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Introduction
In 1998 the National Education Goals Panel set forth the goal that by the year 2000, all children in America will start school ready to learn. It then outlined 10 keys to “ready schools” including:

  • Ready schools strive for continuity between early care and education programs and elementary schools
  • Ready schools smooth the transition from home to school (Shore, 1998)

Despite their belief that transition is a key component of school readiness, the panel goes on to state that “transition activities ... are the exception rather than the rule in our public schools” (p. 7). Cognizant of this disconnect between what we know about the crucial role that transition plays in ensuring continuity and what is currently available in our schools, Harvard Family Research Project (HFRP) conducted a review of current research on the transition to kindergarten, focusing on promising transition practices and the role that schools might play in their implementation. This brief offers a synthesis of our findings, focusing on the important role that families play in transition to kindergarten.1

The brief begins with an overview of the concept of transition and its importance to school success. It then examines transition practices that focus on families, considering both practices and key players in implementation; it includes examples of promising transition practices that involve families. It concludes with the presentation of a framework for the development of school and program transition teams that value family involvement.

An Overview of the Concept of Transition
In the literature, the concept of transition is tied closely to the concept of “readiness” (Meisels, 1999; Pianta, Rimm-Kauffman, & Cox, 1999). Ensuring that children start school ready to learn requires that attention be paid to one of the most complex and significant changes they will experience-transition to kindergarten. Increasingly, however, the traditional construct of school readiness is being criticized for its disproportionate focus on a child's skill alone (Ramey & Ramey, 1999). Much of the research on school readiness has not recognized the contextual factors that impact this multi-year period of time for a child. A transition to school framework that incorporates these contextual factors is now viewed as a more accurate portrayal of how children become ready to learn. Such a framework acknowledges not only the importance of a child's skill, but also how important “ready” schools and “ready” communities are to the transition process.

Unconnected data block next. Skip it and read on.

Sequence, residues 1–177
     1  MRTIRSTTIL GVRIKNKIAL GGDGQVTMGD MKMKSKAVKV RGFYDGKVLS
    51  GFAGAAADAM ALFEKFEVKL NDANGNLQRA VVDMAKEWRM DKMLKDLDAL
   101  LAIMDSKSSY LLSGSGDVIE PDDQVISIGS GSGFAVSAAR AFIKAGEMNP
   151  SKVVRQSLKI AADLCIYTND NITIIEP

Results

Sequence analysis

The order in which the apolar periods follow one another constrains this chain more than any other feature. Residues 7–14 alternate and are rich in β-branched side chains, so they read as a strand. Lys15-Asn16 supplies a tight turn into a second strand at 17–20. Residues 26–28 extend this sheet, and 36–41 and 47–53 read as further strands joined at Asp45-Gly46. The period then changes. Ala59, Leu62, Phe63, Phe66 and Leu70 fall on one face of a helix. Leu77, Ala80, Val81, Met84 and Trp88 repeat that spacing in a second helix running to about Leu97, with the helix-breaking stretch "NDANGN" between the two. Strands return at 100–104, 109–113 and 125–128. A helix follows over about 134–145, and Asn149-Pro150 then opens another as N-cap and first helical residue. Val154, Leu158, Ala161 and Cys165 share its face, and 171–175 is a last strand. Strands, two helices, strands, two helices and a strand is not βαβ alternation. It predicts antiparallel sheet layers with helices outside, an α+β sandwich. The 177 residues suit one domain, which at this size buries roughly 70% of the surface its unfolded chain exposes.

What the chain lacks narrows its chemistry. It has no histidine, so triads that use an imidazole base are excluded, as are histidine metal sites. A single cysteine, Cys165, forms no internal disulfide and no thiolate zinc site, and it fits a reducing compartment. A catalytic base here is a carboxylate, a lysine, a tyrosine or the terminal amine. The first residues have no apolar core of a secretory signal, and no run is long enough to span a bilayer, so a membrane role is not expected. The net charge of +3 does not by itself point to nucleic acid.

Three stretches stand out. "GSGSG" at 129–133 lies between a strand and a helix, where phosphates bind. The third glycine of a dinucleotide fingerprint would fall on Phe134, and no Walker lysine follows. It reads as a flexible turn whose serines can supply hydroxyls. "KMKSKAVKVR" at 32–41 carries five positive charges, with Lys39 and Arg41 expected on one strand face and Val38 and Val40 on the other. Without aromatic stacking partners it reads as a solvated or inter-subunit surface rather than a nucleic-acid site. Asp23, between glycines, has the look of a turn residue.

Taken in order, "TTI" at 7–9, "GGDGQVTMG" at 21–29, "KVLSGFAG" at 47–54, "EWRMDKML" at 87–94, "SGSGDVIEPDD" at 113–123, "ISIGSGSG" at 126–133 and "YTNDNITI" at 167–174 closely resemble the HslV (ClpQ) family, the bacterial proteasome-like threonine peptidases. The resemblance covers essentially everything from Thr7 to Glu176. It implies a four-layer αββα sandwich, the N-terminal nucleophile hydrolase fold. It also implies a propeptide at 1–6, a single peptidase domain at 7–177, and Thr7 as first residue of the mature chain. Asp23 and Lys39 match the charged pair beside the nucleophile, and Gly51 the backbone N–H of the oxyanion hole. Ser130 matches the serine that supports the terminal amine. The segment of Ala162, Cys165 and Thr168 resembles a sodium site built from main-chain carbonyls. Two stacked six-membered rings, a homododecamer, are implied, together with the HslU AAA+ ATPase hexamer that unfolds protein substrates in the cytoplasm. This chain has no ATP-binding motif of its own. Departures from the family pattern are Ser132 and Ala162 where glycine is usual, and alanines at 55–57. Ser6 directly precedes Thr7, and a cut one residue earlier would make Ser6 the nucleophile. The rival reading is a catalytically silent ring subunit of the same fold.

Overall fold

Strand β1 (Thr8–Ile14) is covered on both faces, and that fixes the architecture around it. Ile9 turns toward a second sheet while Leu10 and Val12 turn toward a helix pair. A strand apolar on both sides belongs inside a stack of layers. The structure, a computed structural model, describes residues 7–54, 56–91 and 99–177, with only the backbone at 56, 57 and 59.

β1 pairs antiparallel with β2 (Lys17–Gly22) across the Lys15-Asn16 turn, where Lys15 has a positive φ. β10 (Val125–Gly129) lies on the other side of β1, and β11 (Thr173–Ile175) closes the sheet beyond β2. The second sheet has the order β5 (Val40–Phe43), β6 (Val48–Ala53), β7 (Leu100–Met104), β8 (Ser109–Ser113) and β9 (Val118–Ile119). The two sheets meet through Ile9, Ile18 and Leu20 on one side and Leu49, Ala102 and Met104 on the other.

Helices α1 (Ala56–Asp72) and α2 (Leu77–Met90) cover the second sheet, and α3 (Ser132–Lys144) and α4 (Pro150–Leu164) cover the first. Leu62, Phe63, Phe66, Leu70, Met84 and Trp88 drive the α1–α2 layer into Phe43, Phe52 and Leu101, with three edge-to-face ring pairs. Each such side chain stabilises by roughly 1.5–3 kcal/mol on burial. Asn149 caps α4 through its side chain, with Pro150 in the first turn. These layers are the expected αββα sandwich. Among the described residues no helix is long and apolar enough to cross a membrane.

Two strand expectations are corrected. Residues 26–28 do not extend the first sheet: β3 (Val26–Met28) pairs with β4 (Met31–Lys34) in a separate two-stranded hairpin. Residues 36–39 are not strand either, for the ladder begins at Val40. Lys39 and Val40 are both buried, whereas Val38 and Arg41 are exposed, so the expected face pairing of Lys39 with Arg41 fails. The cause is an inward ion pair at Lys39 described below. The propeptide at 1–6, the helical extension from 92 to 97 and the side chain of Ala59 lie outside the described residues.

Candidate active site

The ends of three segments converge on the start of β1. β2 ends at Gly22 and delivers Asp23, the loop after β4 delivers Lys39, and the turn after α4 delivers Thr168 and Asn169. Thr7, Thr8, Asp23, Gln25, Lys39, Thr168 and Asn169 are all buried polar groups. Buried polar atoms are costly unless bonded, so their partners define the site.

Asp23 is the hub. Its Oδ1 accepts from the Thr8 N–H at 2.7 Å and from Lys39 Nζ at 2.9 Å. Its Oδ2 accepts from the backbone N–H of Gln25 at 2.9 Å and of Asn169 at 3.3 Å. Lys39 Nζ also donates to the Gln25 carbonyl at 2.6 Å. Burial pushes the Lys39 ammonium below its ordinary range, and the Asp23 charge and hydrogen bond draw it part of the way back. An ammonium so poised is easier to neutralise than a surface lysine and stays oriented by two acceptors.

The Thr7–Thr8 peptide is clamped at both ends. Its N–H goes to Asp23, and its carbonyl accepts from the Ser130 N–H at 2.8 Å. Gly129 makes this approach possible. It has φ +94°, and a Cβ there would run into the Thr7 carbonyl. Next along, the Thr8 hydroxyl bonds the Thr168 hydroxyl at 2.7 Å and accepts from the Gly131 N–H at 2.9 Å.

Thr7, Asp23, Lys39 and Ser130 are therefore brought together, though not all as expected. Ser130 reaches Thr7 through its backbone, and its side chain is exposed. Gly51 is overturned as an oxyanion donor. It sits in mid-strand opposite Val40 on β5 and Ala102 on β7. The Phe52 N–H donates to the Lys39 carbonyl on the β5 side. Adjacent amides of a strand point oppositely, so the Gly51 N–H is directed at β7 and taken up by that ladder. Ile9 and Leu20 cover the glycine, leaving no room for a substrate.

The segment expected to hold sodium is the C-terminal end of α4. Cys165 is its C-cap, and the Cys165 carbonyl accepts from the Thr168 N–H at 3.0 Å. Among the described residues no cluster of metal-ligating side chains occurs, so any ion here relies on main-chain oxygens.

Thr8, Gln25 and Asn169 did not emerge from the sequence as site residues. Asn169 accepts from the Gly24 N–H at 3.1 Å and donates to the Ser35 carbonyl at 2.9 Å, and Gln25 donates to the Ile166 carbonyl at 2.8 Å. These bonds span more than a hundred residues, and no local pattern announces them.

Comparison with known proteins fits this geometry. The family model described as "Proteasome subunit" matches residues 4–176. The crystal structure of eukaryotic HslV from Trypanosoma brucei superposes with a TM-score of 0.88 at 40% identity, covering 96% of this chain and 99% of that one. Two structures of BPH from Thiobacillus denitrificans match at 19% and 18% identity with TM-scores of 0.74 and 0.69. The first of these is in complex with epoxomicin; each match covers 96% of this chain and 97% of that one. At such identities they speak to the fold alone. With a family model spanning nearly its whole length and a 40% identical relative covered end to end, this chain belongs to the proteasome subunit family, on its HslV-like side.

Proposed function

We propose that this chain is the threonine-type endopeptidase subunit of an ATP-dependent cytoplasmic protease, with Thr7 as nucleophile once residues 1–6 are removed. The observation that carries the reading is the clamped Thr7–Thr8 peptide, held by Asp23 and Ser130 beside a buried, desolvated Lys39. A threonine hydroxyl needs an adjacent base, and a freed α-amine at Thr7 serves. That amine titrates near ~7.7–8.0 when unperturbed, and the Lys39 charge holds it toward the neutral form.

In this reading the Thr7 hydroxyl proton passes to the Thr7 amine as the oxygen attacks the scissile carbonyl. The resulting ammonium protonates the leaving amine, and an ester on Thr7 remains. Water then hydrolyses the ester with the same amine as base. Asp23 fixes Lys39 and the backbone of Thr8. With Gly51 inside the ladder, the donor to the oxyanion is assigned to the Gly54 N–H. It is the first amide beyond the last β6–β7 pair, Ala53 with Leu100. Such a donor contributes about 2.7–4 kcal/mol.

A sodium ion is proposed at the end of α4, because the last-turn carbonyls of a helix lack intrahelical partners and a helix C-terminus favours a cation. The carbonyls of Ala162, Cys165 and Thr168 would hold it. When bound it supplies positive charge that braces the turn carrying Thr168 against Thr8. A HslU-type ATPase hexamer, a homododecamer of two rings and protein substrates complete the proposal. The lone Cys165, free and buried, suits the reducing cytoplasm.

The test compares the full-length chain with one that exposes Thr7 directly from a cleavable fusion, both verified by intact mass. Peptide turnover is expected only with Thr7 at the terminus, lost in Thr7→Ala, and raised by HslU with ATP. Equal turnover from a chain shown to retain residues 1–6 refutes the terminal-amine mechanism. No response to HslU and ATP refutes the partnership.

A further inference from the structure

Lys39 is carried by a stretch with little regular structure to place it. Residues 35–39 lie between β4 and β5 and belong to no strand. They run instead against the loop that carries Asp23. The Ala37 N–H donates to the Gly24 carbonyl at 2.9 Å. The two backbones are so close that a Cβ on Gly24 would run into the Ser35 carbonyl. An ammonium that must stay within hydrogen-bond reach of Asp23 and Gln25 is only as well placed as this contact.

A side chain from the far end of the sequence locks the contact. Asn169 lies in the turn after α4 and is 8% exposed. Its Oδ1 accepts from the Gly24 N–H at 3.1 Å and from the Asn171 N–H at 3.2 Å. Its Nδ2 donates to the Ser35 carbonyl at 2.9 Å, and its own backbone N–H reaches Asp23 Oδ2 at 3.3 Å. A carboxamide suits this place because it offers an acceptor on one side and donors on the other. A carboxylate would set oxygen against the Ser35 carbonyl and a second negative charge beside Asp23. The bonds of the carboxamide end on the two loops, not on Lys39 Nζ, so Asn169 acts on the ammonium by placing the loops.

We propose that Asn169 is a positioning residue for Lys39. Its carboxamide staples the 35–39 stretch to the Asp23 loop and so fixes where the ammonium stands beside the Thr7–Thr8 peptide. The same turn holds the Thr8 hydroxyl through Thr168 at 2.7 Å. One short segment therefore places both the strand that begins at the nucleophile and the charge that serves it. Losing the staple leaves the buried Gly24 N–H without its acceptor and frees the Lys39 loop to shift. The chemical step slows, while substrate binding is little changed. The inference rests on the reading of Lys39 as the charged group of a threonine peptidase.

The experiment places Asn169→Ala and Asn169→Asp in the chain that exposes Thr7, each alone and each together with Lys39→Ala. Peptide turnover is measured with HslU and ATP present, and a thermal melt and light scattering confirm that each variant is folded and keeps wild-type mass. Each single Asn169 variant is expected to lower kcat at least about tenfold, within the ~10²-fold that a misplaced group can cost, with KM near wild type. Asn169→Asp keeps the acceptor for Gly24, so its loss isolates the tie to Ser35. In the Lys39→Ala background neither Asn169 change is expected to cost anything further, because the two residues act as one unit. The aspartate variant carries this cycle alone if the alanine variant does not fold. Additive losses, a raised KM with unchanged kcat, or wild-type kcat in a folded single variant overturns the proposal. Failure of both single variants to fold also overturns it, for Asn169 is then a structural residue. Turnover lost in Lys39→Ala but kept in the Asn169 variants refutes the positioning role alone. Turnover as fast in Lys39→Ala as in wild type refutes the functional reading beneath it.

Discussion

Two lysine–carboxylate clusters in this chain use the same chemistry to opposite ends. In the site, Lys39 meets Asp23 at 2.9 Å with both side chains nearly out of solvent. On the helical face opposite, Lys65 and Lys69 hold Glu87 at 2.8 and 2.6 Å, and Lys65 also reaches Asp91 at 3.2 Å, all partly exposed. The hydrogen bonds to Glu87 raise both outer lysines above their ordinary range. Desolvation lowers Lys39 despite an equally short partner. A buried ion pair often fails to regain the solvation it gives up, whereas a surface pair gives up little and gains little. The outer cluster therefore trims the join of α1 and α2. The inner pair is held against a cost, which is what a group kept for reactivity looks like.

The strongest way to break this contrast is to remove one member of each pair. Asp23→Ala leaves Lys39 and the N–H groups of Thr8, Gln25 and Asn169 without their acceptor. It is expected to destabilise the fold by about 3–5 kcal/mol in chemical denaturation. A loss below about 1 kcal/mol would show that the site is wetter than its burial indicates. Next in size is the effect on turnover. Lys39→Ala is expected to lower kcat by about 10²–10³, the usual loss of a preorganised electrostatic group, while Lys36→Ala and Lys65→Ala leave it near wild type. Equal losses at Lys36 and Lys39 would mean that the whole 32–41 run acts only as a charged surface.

Kagan and Neuman (1998) suggest that numerous interpretations can be included in what is defined as transition. To some, transitions reflect a one-time set of activities undertaken by programs, families, and children at the end of the year (e.g., a visit by parent and child to the next setting). To others, transitions reflect ongoing efforts to link children's natural environments (e.g., as their family) to support environments (e.g., programs). Lastly, to some, transition is “the manifestation of the developmental principles of continuity, that is, creating pedagogical, curricular, and/or disciplinary approaches that transcend, and continue between, programs” (Kagan & Neuman, 1998, p. 1).

Whatever the focus of a particular transition effort, transition to kindergarten “should be understood in terms of the influence of contexts and the connections across these contexts at any given time and across time” (Pianta, Rimm-Kauffman, & Cox, 1999). Kraft-Sayre and Pianta's “Ecological and Dynamic Model of Transition” (see figure [125KB Acrobat file]) acknowledges the shared responsibilities of many individuals and institutions for the transition to elementary school. It also conveys the dynamic nature of the relationships between children, family, teachers, and community in preschool through kindergarten. Transition is recognized as a process that all these partners experience rather than an event that happens to a child. (For more thoughts from Pianta see Questions & Answers in the Spring 2002 edition of FINE Forum.)

Transition Supports School Success
The literature on early intervention provides a strong rationale for the importance of continuity in the transition from early childhood to school age settings. Early intervention research suggests that participants' early gains, especially cognitive gains, fade as they move through primary grades (Shore, 1998). This drop-off may be attributed, at least in part, to dramatic differences between parent involvement, classroom organization, and teaching style in early care and education programs and in elementary schools (O'Brien, 1991). Children often have difficulty adjusting to classrooms where the rules, routines, atmosphere, or philosophy may differ dramatically from preschool and child care settings (Shore, 1998).